This study was financially supported by FAPESP (The State of São Paulo Research Foundation - 00/14538).

Received for publication in Sept 12, 2003

Sent for alterations in Jan 14, 2004

Accepted for publication in Feb 06, 2004

  • 1. Arendorf TM, Walker DM. Candida albicans: its association with dentures, plaque and oral mucosa. J DASA 1980;35:563-9.
  • 2. Bodey GP. Azole antifungal agents. Clin Infect Dis 1992;14(Suppl 1):161-9.
  • 3. Brawner DL, Cuttler JE. Oral Candida albicans isolates from nonhospitalized normal carriers, immunocompetent hospitalized patients, and immunocompromised patients with or without acquired immunodeficiency syndrome. J Clin Microbiol 1989;27:1335-41.
  • 4. Budtz-Jorgensen E, Lombardi T. Antifungal therapy in the oral cavity. Periodontol 2000 1996;10:89-106.
  • 5. Cannon RD, Holmes AR, Mason AB, Monk BC. Oral Candida: clearance, colonization, or candidiasis? J Dent Res 1995;74:1152-61.
  • 6. Ellepola ANB, Samaranayake LP. The effect of limited exposure to antimycotics on the relative cell-surface hydrophobicity and the adhesion of oral Candida albicans to buccal epithelial cells. Arch Oral Biol 1998;43:879-87.
  • 7. Frost GI, Csoka T, Stern R. The hyaluronidases: a chemical, biological and clinical overview. Trends Glycosci Glycolechnol 1996;8:419-34.
  • 8. Ghannoum MA, Abu-Elteen KH. Pathogenicity determinants of Candida Mycoses 1990;33:265-82.
  • 9. Helovuo H, Hakkarainen K, Paunio K. Changes in the prevalence of subgingival enteric rods, staphylococci and yeasts after treatment with penicillin and erythromycin. Oral Microbiol Immunol 1993;8:75-9.
  • 10. Jorge AOC, Koga CY, Gonçalves RC, Fantinato V, Unterkircher CS. Presença de leveduras do gênero Candida na saliva de pacientes com diferentes fatores predisponentes e de indivíduos controle. Rev Odontol Univ São Paulo 1997;11:279-85.
  • 11. Millon L, Manteaux A, Reboux G, Drobacheff C, Monod M, Barale T, et al. Fluconazole-resistant recurrent oral candidiasis in human immunodeficiency virus-positive patients: persistence of Candida albicans strains with the same genotype. J Clin Microbiol 1994;32:1115-8.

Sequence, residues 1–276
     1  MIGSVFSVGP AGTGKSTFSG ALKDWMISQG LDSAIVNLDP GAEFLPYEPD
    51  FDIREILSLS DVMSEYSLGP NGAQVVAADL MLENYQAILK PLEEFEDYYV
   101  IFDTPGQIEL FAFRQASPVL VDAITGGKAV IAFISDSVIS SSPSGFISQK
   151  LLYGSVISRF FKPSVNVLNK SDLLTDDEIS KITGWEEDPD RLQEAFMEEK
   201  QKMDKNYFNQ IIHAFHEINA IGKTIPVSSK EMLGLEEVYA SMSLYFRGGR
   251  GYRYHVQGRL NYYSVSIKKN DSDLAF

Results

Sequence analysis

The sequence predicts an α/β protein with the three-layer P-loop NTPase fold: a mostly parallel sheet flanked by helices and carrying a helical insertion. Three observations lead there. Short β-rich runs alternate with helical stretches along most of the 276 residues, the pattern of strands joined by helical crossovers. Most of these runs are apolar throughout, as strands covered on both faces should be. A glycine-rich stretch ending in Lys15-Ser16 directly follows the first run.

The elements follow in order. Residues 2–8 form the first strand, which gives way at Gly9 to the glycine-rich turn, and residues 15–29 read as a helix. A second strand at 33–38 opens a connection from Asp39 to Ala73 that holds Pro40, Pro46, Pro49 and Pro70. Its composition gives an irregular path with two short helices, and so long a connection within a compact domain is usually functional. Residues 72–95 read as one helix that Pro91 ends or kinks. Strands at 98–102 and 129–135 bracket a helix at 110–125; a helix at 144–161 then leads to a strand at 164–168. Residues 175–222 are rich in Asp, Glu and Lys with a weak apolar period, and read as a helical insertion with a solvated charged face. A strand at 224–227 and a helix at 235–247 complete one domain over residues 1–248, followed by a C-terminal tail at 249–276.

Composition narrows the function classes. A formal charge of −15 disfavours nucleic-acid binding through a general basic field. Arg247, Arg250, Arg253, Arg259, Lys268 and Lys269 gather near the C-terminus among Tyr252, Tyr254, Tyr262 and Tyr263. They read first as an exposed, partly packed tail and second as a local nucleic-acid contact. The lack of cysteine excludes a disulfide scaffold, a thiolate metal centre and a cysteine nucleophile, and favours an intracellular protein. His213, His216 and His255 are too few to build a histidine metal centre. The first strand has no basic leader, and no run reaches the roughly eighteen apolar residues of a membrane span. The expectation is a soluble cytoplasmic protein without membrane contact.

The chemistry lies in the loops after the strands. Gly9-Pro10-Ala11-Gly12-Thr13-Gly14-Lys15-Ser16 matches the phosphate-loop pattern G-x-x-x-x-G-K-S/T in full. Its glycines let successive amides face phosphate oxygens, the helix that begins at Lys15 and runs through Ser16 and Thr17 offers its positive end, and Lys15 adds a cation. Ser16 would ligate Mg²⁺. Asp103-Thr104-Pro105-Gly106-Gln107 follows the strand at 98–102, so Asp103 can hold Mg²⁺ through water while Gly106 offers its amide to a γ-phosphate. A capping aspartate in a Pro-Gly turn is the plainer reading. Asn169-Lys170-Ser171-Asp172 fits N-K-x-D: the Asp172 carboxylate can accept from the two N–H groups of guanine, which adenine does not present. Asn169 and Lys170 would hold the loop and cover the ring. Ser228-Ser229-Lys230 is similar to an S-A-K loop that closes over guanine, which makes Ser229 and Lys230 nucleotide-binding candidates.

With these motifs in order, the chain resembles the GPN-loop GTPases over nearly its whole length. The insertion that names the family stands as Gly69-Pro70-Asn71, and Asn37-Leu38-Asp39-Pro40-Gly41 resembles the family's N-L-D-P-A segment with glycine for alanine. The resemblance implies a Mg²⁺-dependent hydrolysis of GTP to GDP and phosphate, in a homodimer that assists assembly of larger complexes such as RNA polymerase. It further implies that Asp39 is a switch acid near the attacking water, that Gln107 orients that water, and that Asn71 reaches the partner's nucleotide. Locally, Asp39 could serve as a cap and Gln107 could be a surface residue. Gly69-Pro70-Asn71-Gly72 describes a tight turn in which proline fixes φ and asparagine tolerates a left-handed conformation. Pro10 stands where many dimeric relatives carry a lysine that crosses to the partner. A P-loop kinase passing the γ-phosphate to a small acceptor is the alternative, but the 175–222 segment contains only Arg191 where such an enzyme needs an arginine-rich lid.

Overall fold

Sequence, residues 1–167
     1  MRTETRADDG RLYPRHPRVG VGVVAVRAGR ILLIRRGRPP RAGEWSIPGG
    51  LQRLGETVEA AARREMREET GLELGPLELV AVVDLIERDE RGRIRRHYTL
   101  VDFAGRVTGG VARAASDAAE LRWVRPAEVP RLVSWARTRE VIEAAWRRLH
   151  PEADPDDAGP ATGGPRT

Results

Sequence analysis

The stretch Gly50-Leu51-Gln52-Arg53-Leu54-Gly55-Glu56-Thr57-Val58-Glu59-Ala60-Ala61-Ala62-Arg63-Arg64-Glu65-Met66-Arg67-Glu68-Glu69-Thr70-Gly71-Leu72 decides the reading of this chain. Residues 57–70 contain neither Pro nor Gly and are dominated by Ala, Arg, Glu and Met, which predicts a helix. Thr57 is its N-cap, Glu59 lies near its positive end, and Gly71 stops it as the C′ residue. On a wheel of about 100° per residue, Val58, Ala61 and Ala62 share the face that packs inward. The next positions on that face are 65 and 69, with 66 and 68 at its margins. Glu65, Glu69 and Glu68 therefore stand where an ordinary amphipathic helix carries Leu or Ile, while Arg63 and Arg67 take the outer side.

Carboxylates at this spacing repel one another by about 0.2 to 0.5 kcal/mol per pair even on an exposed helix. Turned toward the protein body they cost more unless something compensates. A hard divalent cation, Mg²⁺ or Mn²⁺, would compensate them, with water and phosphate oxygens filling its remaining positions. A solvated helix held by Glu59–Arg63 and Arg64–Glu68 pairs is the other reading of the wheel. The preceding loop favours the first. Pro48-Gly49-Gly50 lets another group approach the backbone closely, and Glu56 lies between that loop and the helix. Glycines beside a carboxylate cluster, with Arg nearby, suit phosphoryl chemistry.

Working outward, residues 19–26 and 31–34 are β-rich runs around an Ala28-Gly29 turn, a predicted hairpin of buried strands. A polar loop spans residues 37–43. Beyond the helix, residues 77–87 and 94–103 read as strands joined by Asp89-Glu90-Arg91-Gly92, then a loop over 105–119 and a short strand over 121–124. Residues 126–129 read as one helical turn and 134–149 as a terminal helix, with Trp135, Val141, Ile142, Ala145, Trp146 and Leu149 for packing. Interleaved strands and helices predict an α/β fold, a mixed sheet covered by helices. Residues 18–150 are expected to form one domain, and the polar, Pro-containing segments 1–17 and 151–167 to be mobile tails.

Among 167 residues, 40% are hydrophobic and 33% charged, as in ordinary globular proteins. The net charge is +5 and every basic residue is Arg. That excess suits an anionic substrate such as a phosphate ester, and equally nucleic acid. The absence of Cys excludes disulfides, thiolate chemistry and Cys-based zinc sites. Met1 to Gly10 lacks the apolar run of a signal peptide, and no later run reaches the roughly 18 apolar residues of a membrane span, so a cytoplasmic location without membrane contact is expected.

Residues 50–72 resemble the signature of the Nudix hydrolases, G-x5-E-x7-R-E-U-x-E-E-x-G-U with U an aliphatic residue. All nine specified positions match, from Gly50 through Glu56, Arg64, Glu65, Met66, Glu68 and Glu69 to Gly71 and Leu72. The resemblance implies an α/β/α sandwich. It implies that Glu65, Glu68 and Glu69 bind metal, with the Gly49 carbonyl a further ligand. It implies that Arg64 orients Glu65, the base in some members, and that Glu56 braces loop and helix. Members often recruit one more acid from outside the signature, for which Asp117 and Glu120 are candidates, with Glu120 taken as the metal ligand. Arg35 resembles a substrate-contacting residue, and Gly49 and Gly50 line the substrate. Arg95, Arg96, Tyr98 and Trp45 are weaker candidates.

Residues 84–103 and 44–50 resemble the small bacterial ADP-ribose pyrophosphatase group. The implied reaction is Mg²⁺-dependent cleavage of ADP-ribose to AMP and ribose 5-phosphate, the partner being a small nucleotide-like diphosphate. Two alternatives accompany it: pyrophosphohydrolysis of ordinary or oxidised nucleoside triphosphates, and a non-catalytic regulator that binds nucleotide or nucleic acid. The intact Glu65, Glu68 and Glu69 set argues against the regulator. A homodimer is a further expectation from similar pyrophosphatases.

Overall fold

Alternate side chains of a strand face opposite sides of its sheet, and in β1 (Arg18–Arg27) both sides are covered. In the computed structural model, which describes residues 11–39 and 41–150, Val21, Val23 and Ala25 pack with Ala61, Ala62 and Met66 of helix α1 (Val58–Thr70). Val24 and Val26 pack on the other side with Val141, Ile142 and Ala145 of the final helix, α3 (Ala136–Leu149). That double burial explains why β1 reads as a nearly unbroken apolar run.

• 12. Monteil RA, Madinier I, Le Fichoux Y. In vitro antifungal resistance of oral Candida albicans strains in non-AIDS patients. Oral Microbiol Immunol 1997;12:126-8.
  • 13. Murphy JW, Friendman H, Bendinelli M. Fungal infections and immune responses. New York: Plenum Press; 1993.
  • 14. National Committee for Clinical Laboratory Standards. Reference method for broth dilution antifungal susceptibility testing of yeasts. Proposed standard M27-P- National Committee for Clinical Laboratory Standards: Villanova, PA; 1997.
  • 15. Newman, SL, Flanigan TP, Fisher A, Rinaldi MG, Stein M, Vigilante K. Clinically significant mucosal candidiasis resistant to fluconazole treatment in patients with AIDS. Clin Infect Dis 1994;19:684-6.
  • 16. Odds FC. Candida and candidosis. London: Baillière Tindall; 1988.
  • 17. Odds FC. Resistance of yeasts to azole: derivative antifungals. J Antimicrob Chemother 1993;39:1696-9.
  • 18. Rex JH, Cooper CK, Merz WG, Calgiani JC, Anaissie EJ. Detection of amphotericin B - resistant Candida isolates in a broth based system. J Antimicrob Chemother 1995;39:906-9.
  • 19. Sandvén P. Laboratory identification and sensitivity testing of yeasts isolates. Acta Odontol Scand 1990;48:27-36.
  • 20. Scully C, el-Kabir M, Samaranayake LP. Candida and oral candidosis: a review. Crit Rev Oral Biol Med 1994;5:125-57.
  • 21. Segal E, Baum GL. Pathogenic yeast and yeast infections. Florida: CRC Press; 1994.
  • 22. Slots J, Feik D, Rams TE. Age and sex relationships of superinfecting microorganisms in periodontitis patients. Oral Microbiol Immunol 1990;5:305-8.
  • 23. Sutton PA, Fothergill AM, Rinaldi MG. Clinically significant fungi. Baltimore: William & Wilkins; 1998.
  • 24. Vanden Bossche H, Dromer F, Improvisi I, Lozano-Chiu M, Rex JH, Sanglard D. Antifungal drug resistance in pathogenic fungi. Med Mycol 1998;36(Suppl 1):119-28.
  • 25. Warnock DW. Azole drug resistance in Candida species. J Med Microbiol 1992;37:225-6.
  • 26. White A, Goetz MB. Azole-resistant Candida albicans: report of two cases of resistance to fluconazole and review. Clin Infect Dis 1994;19:687-92.
  • 27. Williams DW, Lewis MAO. Isolation and identification of Candida from the oral cavity. Oral Dis 2000;6:3-11.

Publication Dates

  • Publication in this collection
    29 Sept 2004
  • Date of issue
    Mar 2004

History

  • Received
    12 Sept 2003
  • Accepted
    06 Feb 2004
Sociedade Brasileira de Pesquisa Odontológica - SBPqO Av. Prof. Lineu Prestes, 2227, 05508-000 São Paulo SP - Brazil, Tel. (55 11) 3044-2393/(55 11) 9-7557-1244 - São Paulo - SP - Brazil
E-mail: office.bor@ingroup.srv.br